Volume is the level at which something is heard or the amount of space a solid, liquid or gas occupies.

- With sound, its volume is the loudness of the sound.
- With a container, its volume would be its capacity, or how much it can hold.

Volume is often expressed in cubic units determined by the International System of Units.

The loudness of a sound can be subjective, such as quiet or loud. A more objective measure of sound includes several other factors including:

- Sound pressure level (SPL) - The human ear averages the SPL over a period of 600-1000 milliseconds. After about 1 second, the ear created an average and the level of loudness will seem to become stable.
- Decibels (dB) - This is the ratio between the power and intensity of the sound. The maximum human sensitivities are between 2 and 4 kHz.

The volume of solids is expressed in cubic measurements, such as cubic centimeter or cubic meter.

Here are examples of ways to measure solids:

- Rectangular prism - Multiply the measurement of the length times the width, then times the height
- Cube - Since all sides are the same measurement, it would be the measurement of any side, or edge, cubed, or a³
- Prism - Find the area of the base, then multiply the area times the height of the prism. Area would be length times width (B), or B x h
- Triangular prism - Find the area of the base (b), then multiply the area times the length (l) between the triangular bases. Area of the base would be ½ times the base times the height (h) of the triangle, or ½bhl
- Cylinder - Find the area of the circular face using pi times the radius squared, then multiply that area times the height of the cylinder, so πr²h
- Pyramid - Find the area of the base and multiply that area times the height of the pyramid and multiply by 1/3, or 1/3Bh
- Square pyramid - Find the area of the base and multiply that area times the height of the pyramid and multiply by 1/3, or 1/3s²h
- Rectangular pyramid - Find the area of the base and multiply that area times the height of the pyramid and multiply by 1/3, or 1/3 lwh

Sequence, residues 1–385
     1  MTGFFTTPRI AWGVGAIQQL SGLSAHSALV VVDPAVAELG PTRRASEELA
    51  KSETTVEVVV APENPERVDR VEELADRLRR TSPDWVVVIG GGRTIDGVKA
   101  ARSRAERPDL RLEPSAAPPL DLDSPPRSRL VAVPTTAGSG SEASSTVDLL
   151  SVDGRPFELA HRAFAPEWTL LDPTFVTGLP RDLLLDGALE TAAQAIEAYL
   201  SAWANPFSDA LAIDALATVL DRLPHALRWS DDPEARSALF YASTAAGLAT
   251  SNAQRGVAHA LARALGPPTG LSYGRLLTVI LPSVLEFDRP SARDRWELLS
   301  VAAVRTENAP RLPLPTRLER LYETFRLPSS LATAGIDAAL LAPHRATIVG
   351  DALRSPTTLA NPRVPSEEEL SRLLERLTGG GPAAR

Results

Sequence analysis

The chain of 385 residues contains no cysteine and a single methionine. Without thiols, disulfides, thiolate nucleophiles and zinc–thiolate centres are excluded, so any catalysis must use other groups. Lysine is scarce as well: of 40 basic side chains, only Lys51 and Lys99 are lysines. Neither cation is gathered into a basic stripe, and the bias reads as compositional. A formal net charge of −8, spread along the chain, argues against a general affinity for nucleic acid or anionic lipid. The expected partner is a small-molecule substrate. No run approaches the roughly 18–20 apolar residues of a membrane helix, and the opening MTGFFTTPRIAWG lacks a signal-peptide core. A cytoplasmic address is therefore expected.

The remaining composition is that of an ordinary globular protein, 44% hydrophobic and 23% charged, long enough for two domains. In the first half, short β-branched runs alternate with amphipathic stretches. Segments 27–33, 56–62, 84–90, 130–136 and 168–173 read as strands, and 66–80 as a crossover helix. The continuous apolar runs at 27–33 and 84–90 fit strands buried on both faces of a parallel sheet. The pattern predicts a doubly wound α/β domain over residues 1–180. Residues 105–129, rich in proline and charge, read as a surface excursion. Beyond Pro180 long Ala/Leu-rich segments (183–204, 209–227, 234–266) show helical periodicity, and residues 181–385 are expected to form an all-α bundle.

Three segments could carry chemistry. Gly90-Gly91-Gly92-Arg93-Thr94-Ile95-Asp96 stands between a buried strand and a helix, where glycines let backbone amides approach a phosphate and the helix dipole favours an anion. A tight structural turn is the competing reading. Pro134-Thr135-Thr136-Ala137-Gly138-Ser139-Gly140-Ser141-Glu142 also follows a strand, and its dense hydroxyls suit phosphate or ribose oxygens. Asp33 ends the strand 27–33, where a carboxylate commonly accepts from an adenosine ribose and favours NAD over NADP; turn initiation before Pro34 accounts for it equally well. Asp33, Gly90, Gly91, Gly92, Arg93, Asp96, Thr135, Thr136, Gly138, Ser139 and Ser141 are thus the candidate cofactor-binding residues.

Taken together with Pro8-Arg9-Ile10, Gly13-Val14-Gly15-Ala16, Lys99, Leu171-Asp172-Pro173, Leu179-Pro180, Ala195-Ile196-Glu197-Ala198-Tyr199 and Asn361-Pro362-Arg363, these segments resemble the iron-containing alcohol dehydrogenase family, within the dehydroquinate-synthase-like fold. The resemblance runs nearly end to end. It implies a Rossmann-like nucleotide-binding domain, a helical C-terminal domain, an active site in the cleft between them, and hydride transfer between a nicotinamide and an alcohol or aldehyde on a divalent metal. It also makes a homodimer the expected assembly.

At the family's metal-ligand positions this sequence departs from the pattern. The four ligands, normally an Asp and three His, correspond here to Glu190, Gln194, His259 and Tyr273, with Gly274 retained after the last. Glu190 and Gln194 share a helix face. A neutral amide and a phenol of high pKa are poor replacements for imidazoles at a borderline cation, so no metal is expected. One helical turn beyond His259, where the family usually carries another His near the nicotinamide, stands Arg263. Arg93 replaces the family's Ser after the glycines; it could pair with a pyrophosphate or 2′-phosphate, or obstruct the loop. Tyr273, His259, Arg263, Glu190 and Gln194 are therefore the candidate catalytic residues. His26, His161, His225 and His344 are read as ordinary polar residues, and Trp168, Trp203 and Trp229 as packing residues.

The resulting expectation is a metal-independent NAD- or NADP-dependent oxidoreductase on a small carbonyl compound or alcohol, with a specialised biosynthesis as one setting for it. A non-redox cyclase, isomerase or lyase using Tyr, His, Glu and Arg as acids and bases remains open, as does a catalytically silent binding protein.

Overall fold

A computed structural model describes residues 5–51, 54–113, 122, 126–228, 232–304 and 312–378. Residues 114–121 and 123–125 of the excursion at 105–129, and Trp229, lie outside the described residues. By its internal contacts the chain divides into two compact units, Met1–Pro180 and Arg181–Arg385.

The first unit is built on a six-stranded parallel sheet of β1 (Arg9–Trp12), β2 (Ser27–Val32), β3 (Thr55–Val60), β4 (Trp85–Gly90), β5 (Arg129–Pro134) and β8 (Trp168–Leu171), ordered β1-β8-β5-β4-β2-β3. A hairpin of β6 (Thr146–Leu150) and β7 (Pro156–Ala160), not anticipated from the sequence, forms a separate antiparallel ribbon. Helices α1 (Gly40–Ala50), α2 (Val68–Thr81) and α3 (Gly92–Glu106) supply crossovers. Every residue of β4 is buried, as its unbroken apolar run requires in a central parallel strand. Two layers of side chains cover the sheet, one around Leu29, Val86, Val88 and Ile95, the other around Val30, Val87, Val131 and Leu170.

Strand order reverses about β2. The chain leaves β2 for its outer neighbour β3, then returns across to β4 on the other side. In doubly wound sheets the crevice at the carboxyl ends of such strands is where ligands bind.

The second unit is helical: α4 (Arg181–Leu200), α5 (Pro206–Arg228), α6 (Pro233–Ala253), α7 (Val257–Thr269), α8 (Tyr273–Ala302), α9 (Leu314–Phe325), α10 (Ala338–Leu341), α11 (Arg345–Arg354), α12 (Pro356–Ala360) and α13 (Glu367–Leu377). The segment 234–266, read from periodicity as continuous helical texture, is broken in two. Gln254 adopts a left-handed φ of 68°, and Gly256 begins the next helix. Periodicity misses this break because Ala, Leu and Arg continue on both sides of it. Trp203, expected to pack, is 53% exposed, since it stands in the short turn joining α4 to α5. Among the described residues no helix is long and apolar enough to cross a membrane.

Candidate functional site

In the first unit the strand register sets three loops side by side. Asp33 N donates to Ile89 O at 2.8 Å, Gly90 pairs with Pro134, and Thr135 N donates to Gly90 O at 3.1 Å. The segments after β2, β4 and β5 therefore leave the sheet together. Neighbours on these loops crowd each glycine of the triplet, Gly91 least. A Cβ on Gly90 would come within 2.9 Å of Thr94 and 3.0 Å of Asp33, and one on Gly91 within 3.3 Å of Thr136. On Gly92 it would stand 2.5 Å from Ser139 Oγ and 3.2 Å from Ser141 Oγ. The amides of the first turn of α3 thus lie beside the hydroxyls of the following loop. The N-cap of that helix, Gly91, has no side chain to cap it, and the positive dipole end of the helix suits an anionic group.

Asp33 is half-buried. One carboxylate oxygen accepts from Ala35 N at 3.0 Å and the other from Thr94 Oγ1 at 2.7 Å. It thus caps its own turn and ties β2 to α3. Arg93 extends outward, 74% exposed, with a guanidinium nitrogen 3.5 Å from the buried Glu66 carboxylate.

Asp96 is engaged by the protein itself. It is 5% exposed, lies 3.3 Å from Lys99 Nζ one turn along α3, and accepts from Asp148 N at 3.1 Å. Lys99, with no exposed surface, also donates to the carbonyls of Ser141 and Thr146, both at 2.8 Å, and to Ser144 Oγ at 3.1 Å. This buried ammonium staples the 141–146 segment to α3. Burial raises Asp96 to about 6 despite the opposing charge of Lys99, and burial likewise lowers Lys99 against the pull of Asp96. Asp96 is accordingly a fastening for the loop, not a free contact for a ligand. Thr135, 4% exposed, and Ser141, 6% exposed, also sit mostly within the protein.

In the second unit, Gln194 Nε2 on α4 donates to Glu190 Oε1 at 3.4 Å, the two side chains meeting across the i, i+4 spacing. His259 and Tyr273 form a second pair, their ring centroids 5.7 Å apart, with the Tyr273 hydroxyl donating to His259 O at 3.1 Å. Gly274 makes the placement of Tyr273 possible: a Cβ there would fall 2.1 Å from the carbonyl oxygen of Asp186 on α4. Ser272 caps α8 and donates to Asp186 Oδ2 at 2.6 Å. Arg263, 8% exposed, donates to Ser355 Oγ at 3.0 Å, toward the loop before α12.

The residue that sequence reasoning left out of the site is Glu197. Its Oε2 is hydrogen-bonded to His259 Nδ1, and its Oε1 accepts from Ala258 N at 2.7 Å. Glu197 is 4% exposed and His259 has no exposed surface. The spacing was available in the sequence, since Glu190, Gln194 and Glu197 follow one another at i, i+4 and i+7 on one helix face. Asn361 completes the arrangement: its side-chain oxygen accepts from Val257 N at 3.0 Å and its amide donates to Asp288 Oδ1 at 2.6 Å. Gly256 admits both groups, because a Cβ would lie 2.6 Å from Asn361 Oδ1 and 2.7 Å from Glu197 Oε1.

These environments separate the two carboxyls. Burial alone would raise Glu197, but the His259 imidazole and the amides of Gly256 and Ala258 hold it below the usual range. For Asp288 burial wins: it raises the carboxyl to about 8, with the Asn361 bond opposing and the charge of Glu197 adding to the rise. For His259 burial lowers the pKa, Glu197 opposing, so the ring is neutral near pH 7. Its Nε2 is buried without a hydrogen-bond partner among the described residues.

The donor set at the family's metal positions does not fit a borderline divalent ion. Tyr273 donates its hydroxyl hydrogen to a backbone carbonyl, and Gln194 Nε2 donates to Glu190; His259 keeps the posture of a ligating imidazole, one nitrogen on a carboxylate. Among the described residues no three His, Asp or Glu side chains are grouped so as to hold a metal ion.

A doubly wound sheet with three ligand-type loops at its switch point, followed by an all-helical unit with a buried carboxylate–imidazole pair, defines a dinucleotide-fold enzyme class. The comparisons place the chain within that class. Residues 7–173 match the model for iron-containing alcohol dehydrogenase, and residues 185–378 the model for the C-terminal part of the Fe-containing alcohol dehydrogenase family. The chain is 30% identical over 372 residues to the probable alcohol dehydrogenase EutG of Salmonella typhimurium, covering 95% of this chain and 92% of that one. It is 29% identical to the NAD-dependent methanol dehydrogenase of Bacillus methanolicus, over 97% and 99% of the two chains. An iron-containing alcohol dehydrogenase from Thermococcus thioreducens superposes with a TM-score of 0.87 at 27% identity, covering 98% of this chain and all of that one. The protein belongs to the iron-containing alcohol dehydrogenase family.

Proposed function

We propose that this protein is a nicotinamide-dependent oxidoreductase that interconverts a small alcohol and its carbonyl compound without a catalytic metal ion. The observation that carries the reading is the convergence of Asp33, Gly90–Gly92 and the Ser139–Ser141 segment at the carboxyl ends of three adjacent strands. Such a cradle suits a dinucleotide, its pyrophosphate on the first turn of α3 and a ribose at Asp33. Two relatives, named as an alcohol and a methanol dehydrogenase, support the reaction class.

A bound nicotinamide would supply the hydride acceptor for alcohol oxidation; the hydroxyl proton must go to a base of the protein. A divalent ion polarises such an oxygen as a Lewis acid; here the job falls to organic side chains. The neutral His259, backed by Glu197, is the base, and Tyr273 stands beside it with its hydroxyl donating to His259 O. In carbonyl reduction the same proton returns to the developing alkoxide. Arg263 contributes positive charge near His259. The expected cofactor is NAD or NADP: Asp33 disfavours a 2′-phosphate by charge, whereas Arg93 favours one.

- Sphere - For a sphere, multiply 4/3 times pi, then time the radius cubed, or 4/3 πr³
- Cone - For a cone, it is the area of the circular face, or πr², then multiply by 1/3 and the height of the cone, or 1/3 πr²h

Liquids are fairly simple to measure, remembering that 1000 cubic centimetres equals 1 litre and 1000 litres equals 1 cubic metre.

Here are examples of ways to measure liquids:

- Barrels - Barrels can be dry barrels or fluid barrels, such as oil and water barrels. The specific amount of volume a barrel holds has differed over time and depending on the type.

In Europe, the term “barrel” as a unit of measure has ranged from signifying around 100 litres to signifying around 1,000 litres.

In the US, a beer barrel is around 31 gallons while an oil barrel is around 42 gallons.

- Gallons - A gallon is equal to 128 ounces; four quarts; eight pints and around 3.781 liters.
- Measuring cups - Measuring cups come in various sizes and can be used to measure liquid or dry goods. A set of measuring cups for dry goods usually includes a ¼ of a cup, a ⅓ of a cup, a ½ cup and a 1-cup measure.
- Measuring spoons - Measuring spoons also come in various sizes and can measure dry or liquid goods. A standard set of measuring spoons generally contains a ¼ teaspoon measure; a ½ teaspoon measure; a 1 teaspoon measure; and a 1 tablespoon measure.
- Pints - A pint is equal to 1 milliliter, .125 gallons, and .5 quarts.
- Quarts- A quart is equal to 946.353 milliliters, .25 gallons and four quarts.

Here are examples of ways to measure volume of gases:

- Displace fluid - This method can be used to calculate the volume of gas. The volume of fluid displaced would equal the volume of the gas.
- Use a gas syringe - This is a laboratory instrument that can be used to withdraw a certain volume of gas from a closed system or to measure the volume of gas from a chemical reaction.
- Use a spirometer - It measures the volume of air coming into and being expelled out of your lungs, called tidal volume.
- Trap the gas - Use a balloon to trap the gas coming from a reaction. Then calculate the volume of the sphere.
- For the volume of compressed gas in a cylinder, apply this equation, the Ideal Gas Law: PV = nRT, where P is pressure, V is volume, n is the number of moles, R is the gas constant and T is the absolute temperature

Now you have learned plenty of different ways to measure volume.

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